• Autonomous hands-on learning—(i.e., learning by doing) with online help from the trainer. The subjects applied the learned techniques to build simple elements in Ptolemy II such as an incremental counter and a sinusoidal signal sensor.
The training material (e.g., slides, Ptolemy II example files) were prepared by the trainer. During the introductory course, audio-visual presentations were used. For supporting the hands-on learning activities, we used the individual problem-solving method.
Evaluation phase
During this phase, the subjects used the library of patient and medical device models to build MCPS models in Ptolemy II and responded a questionnaire regarding the models’ reusability attributes. The following activities were planned:
  • MCPS modeling—the developers were divided into two balanced (i.e., same size) groups: control and treatment. Each group was composed of seven subjects selected randomly. The control group solved the two problems presented in Section 4.2.2 using only a small subset of the library of patient and medical device models. The treatment group solved the same problems using the entire library, except the centralizer device. Therefore, we used an experiment design of type “blocked subject-object study”. For the control group, we provided the heart and respiratory rate monitors, and glucometer completely ready for reuse, as well as the ICU patient and Insulin Pump models partially ready for reuse. Furthermore, for both groups, a guideline was provided to assist on the MCPS modeling.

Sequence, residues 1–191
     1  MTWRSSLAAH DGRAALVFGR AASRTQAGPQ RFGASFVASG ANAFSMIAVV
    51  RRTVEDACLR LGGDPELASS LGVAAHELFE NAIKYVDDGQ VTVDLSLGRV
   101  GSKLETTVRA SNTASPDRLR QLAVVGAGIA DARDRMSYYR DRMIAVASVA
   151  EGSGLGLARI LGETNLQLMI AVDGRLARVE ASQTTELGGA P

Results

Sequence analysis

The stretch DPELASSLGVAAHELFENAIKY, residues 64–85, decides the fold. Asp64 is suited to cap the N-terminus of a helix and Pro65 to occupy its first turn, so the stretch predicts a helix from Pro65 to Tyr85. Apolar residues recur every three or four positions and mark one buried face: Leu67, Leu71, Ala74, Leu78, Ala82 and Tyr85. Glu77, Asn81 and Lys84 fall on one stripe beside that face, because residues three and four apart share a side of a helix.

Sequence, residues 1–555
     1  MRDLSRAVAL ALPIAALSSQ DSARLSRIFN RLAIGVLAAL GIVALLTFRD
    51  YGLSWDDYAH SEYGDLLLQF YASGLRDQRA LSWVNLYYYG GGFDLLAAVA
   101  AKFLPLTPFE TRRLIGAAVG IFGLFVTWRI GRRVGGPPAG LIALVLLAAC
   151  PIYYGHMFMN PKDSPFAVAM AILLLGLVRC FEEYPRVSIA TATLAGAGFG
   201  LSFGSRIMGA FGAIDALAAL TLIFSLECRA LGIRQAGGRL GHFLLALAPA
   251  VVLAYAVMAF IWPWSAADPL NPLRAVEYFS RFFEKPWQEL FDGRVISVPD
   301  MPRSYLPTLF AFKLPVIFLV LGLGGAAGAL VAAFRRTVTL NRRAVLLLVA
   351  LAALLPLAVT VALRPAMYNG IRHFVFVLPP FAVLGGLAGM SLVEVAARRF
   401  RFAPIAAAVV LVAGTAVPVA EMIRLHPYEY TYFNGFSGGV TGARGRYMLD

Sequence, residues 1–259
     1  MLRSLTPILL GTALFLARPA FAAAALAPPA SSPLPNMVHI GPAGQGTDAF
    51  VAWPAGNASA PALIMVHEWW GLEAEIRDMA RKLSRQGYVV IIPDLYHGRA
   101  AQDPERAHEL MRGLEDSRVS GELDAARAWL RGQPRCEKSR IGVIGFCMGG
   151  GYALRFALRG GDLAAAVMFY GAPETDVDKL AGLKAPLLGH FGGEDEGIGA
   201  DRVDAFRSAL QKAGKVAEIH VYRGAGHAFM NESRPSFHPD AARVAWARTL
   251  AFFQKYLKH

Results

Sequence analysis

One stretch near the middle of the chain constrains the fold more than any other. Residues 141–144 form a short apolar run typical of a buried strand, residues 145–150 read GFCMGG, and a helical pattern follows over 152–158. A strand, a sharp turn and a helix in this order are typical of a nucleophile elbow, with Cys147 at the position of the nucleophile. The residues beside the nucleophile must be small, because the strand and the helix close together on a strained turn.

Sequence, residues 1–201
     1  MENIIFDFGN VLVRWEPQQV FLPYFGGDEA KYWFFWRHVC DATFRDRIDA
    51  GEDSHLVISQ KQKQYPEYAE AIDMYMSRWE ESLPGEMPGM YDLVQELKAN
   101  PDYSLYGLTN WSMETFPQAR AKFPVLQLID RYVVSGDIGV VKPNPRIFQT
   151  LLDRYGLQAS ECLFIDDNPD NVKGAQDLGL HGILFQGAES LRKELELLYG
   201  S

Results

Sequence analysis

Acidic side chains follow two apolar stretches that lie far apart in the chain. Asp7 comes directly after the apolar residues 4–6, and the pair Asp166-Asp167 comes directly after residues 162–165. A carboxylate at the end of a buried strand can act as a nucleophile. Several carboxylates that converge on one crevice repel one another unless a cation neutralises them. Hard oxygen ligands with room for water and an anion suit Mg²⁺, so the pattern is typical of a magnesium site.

• Reusability questionnaire reply—the developers responded to a questionnaire regarding the models’ reusability attributes: understandability, adaptability and portability.
The evaluation material (e.g., Ptolemy II files, questionnaire) were prepared by the researchers. During the MCPS modeling, the trainer was available to help with any misunderstanding on the clinical scenarios definitions and questionnaire wording.

4.2.6. Measures

To evaluate the hypotheses, assess the research questions and research goals, we collected metrics. Furthermore, by defining the metrics, we formalized the hypotheses presented in Section 4.2.1 to statistically test them. As stated in Section 4.2.4, we have two dependent variables: developers’ productivity and models’ reusability.